Multiple Exposure Image using Drawing – 20/01/21

Water Bodies – Inside and Out

I was at the hospital yesterday, after a trip to A&E on Sunday. It turns out I have a neat little row of four kidney stones stuck in my ureter. If this seems like a little too much information, bear with me, it is relevant.

Before leaving for hospital I was looking at the anatomy of kidneys and printing off scans/photos and artwork relating to them and their internal structure to add to my Queer River sketchbook. As binaries and boundaries separating gay from straight, land from water, and human from ‘Nature’ are there to be crossed and blurred by this research, so is the line that marks the separation between the inside and the outside of the (my) human body, and between each individual body and the wider planetary body on which we live.

Sketchbook Page at Breakast (inc images of artwork by Hey Paul Studio & Trisha Thompson Adams)

Later, while waiting in the Urology waiting room at the hospital, I received a text from my friend Bella telling me that it was the feast day for St Aelred of Rievaulx, patron saint of kidney stones. This all seemed very synchronous, so as the clinic was understandably busy, it being in the middle of a pandemic, and I had a bit of a wait, I did some more research on my phone.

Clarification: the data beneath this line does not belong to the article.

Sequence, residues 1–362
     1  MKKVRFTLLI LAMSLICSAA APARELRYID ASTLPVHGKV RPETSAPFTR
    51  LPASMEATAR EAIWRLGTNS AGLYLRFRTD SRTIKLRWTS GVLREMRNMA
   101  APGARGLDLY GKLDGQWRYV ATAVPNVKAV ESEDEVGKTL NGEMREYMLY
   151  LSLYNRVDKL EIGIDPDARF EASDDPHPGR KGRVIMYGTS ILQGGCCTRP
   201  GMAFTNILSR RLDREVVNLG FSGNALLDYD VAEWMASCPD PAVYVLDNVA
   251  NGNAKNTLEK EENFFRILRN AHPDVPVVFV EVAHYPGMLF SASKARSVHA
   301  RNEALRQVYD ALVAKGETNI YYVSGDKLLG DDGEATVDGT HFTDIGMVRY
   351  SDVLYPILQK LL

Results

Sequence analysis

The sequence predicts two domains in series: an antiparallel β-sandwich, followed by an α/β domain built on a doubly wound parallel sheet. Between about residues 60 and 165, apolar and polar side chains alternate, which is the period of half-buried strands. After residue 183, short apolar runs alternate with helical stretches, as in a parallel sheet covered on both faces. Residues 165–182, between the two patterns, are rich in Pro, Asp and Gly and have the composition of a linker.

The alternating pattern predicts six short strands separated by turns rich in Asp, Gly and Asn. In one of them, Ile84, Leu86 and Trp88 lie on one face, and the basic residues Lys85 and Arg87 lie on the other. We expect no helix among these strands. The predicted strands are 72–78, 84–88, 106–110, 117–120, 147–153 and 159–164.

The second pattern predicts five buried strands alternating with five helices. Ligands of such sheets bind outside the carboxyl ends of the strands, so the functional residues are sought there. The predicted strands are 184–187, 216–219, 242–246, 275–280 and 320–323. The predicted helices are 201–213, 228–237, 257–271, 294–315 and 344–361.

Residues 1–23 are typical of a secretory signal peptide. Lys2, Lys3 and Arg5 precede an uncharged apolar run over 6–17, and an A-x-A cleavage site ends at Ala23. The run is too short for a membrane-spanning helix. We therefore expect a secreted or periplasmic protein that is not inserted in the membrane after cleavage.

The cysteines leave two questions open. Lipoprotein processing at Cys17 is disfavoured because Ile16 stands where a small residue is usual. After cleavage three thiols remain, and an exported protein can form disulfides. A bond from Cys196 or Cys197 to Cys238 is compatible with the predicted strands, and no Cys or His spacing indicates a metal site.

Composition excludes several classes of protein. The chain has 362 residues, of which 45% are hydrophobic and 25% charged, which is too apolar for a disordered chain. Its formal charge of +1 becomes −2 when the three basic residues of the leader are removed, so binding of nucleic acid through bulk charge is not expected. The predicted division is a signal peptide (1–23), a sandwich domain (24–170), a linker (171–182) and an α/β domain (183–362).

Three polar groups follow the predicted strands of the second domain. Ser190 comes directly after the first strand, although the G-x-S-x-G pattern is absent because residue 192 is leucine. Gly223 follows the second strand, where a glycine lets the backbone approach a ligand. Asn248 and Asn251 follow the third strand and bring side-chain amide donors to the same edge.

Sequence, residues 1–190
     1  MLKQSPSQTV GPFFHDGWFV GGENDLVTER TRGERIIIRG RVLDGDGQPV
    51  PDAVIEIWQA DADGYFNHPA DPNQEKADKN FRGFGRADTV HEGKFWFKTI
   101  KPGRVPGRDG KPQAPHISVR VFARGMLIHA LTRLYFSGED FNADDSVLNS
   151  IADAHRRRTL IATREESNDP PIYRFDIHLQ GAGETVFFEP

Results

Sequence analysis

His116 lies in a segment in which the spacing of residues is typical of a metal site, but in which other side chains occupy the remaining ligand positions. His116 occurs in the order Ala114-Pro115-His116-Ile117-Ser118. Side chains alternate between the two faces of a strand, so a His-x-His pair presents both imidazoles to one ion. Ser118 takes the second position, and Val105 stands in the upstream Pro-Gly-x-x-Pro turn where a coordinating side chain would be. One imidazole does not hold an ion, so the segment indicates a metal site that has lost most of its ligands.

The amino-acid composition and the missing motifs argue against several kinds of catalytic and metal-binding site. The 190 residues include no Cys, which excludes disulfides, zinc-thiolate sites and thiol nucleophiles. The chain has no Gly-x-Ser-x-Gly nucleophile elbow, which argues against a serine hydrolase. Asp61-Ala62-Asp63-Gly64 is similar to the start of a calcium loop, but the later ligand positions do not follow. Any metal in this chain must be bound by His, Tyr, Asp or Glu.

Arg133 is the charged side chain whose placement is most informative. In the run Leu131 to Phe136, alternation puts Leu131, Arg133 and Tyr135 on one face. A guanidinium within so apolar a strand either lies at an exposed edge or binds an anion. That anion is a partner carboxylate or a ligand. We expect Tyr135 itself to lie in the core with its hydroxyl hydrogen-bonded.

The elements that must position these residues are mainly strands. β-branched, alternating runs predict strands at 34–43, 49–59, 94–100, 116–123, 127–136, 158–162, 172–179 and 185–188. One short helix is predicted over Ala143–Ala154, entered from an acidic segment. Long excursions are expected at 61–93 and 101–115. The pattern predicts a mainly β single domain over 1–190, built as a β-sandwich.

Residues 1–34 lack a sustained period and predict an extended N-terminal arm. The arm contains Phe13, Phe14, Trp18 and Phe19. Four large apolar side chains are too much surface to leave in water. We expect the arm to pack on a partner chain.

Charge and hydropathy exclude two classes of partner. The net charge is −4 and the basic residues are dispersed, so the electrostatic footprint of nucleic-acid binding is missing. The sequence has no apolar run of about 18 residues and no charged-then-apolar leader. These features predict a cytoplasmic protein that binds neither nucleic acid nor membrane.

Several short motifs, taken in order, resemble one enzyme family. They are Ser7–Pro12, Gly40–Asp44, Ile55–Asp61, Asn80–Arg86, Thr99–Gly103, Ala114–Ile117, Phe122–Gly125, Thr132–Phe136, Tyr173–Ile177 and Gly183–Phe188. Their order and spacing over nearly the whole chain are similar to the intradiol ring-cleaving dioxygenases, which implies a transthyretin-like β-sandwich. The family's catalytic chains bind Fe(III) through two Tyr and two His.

Apparently St Aelred was a Cistercian monk, and Abbot of Rievaulx Abbey in the 12th Century, with Rievaulx meaning something like ‘River Valley’. Some historians have described him as ‘homosexual’, others say that such a distinction was not relevant to concepts of sexuality of the time, and still more say that his writings on ‘spiritual friendship’ have been misinterpreted as homosexual desire. Whichever is true, he’s been adopted by several gay-friendly churches, particulary in the US, as their patron saint.

“It is no small consolation in this life to have someone to whom you can be united in the intimate embrace of the most sacred love…. the two of you, in the sleep of peace away from the noise of the world, in the embrace of love, in the kiss of unity, with the Holy Spirit flowing over you; to whom you so join and unite yourself that you mix soul with soul, and two become one.”

St Aelred of Rievaulx

Kidney stones, rivers, spirituality and a Queer monk… for a trip to the hospital, my morning was proving pretty rich for my research.

I asked my consultant if I could take a copy of my scan, but apparently it’s not allowed. I can contact the hospital to ask for a cd-rom or similar, but I think the NHS have enough to think about at the moment, without me adding to their workload. So I don’t have image of my kidneys sadly, but am enjoying the beginning of a journey into the flowing streams, pools and rivers of the inside of my body, and am excited to explore this further with artist and researcher in the medical humanities, Catherine Lamont-Robinson.